My video “Do Great Things“ remixes Georg Scholz’s painting “Industrial Farmers,” replicating its visual composition, but replacing its characters, props and scenery with those of tech hippie culture. Instead of a German priest and his wife, there is a mid-twenties San Francisco tech couple. And in place of the Bible, the techie holds Jack Kerouac’s On the Road. The military bust in the anterior is replaced by a bust of Steve Jobs. And out the window is not a machine and a man, but a recreation of an actual Burning Man sculpture around which a 3D model dances on a loop.
This video is part of my ongoing investigation into the tech world’s assimilation of leftist aesthetics and 60s utopian dreams. In 2015, I visited a Mission District-tech commune where a group of extremely wealthy 20-somethings live collectively, sharing food, wearing beards, jamming with guitars, planning hallucinogenic trips and dreaming of raising families together. And yet it was obvious that just below this hippie veneer was a clear, overwhelming capitalist agenda. A handwritten list in the communal kitchen, entitled “What Should We Do With Our Money,” listed: “1. Add a sauna to the house … 3. Get a private concert from Paul McCartney … 8. Get a baby pool and fill it full of $100 bills.”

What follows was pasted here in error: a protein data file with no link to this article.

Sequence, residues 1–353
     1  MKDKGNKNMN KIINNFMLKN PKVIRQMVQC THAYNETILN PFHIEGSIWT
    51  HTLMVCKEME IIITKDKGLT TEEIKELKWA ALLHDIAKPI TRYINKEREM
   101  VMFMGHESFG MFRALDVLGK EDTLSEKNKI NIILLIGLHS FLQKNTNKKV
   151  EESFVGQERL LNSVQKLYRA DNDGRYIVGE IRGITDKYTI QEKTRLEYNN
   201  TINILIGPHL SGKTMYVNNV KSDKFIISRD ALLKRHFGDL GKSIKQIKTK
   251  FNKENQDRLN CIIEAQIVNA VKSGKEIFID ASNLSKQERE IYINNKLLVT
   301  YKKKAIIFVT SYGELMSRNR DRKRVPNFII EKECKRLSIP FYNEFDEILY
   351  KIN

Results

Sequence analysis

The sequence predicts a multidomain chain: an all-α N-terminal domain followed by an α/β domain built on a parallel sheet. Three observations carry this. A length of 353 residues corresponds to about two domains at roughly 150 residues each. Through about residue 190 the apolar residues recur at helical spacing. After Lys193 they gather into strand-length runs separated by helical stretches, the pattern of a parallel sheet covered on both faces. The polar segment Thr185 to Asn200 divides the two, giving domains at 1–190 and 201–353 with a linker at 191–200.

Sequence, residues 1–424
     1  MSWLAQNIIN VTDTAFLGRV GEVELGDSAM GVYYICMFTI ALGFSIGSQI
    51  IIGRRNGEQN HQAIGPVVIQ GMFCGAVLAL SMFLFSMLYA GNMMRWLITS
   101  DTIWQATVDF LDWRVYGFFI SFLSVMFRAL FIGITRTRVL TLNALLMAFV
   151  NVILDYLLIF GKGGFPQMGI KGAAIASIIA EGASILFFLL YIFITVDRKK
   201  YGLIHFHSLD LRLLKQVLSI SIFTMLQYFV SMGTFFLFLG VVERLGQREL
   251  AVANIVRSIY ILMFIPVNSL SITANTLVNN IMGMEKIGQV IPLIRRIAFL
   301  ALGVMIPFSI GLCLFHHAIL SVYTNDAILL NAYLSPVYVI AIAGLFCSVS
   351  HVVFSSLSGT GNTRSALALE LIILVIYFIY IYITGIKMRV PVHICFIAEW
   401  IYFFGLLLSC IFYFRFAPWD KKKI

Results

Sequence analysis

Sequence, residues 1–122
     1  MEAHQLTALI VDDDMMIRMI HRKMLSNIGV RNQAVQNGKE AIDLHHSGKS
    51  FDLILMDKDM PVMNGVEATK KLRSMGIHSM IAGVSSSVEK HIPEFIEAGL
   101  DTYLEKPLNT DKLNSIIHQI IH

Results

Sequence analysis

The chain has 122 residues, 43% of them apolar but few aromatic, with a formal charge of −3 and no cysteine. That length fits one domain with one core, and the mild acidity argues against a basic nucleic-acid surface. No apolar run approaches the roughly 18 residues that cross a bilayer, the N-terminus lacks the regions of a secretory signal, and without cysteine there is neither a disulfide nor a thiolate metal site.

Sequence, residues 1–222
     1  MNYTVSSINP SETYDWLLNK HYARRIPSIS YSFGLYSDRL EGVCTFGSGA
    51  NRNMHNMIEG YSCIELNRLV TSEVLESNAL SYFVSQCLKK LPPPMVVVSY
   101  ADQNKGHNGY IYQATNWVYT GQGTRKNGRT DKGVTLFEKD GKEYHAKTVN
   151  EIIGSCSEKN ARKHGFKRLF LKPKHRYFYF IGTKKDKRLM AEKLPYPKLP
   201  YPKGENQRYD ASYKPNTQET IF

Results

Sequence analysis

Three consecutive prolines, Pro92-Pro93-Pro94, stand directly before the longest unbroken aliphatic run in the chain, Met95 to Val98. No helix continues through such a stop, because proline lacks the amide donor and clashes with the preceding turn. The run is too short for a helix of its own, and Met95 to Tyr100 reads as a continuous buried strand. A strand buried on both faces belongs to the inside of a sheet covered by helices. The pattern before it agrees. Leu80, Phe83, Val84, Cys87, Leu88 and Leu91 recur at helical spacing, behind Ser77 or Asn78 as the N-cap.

When I researched the $300-million co-founder of this commune (the inventor of Facebook’s Like button) and other tech hippies, I noticed a pattern throughout: a desire for tech to simultaneously „save the world“ while producing immense profit. Here progressive ideals and leftist aesthetics seem to be more about marketing than political action. Instead of protest and grassroots movements, these hippies see companies and IPOs as the solution. My video’s title comes from the last line of a speech called “Do Great Things,” a manifesto on profitable tech progressivism by the inventor of the Like button.